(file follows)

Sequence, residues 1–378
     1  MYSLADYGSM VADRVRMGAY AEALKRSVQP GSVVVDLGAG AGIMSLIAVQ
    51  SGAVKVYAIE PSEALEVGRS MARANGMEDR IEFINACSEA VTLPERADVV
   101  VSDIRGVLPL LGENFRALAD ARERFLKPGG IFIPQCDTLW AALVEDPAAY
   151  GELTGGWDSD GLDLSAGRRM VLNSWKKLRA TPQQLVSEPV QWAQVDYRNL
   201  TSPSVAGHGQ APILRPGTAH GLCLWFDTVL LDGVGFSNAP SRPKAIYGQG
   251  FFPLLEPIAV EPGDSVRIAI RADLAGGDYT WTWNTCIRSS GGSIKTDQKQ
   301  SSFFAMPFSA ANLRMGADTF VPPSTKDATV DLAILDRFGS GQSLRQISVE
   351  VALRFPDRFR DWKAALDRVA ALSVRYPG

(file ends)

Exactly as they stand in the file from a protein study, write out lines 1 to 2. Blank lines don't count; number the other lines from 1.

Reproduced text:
Sequence, residues 1–378
     1  MYSLADYGSM VADRVRMGAY AEALKRSVQP GSVVVDLGAG AGIMSLIAVQ